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Unformatted text preview: The Mean Value Theorem and the Extended Mean Value Theorem Willard Miller September 21, 2006 0.1 The MVT Recall the Extreme Value Theorem (EVT) from class: If the function f is defined and continuous on a closed bounded interval [ a, b ] then there is some point c ∈ [ a, b ] where it takes on its maximum value M = f ( c ) and some point d ∈ [ a, b ] where it takes on its minimum value m = f ( d ). Thus M = f ( c ) ≥ f ( x ) ≥ f ( d ) = m for all x ∈ [ a, b ]. Theorem 1 Fermat’s Theorem. (Not his last one but a very useful observa tion that is easy to prove.) Suppose the function f is defined and continuous on a closed bounded interval [ a, b ] and takes on an extreme value (either its maximum M or its minimum m ) at an interior point c of the interval, so a < c < b . If the derivative f ′ ( c ) exists, then f ′ ( c ) = 0 . PROOF: To be definite, we assume that f ( c ) = M . (The proof for the case f ( c ) = m is virtually the same.) By definition f ′ ( c ) = lim Δ x → f ( c + Δ x ) − f ( c ) Δ x . (1) Since f ( c ) = M is a maximum, it follows that for Δ x > 0 we have f ( c + Δ x ) − f ( c ) Δ x ≤ , 1 since the numerator is nonpositive and the denominator is positive. On the other hand, for Δ x < 0 we have f ( c + Δ x ) − f ( c ) Δ x ≥ , since the numerator is nonpositive and the denominator is negative. However by assumption the limit (1) exists and the same value is obtained as Δ x → through postitive or negative values. Thus we must have f ′ ( c ) = 0. Q.E.D....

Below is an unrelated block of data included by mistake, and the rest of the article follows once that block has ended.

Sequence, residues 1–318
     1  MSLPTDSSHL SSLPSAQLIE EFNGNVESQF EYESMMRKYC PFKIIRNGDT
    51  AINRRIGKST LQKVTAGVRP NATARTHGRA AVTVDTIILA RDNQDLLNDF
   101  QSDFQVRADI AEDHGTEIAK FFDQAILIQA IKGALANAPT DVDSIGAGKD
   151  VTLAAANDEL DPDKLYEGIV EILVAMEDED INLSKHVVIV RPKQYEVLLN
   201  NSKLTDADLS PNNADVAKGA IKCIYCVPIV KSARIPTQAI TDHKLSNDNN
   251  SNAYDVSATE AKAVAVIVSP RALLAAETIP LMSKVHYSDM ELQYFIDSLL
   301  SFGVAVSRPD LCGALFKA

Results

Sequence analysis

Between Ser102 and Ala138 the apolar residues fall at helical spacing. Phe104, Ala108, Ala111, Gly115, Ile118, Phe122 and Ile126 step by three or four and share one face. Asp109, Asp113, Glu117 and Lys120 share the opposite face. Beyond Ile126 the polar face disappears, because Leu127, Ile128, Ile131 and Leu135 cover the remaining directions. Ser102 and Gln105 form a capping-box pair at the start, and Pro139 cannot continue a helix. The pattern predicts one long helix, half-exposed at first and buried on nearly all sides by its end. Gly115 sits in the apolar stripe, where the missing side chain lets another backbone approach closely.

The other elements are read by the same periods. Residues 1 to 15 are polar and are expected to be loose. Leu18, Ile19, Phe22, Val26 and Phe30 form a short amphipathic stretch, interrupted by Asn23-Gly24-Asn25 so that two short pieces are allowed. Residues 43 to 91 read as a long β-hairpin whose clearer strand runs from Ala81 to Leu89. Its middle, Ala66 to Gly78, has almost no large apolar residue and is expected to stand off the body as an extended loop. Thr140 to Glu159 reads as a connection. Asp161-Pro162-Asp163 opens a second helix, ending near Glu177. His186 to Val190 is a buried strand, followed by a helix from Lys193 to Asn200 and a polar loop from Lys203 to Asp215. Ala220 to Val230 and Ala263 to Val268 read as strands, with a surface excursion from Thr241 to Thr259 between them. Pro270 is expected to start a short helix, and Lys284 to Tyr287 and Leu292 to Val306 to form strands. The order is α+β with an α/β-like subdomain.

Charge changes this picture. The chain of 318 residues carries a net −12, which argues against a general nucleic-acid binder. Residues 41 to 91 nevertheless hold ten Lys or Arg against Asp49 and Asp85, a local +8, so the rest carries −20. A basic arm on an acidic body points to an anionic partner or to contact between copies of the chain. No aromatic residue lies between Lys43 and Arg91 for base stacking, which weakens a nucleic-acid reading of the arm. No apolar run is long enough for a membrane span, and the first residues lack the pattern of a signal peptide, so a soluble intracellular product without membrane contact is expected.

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 Fall '08
 MING
 Calculus, Topology, Derivative, Mean Value Theorem, lim g

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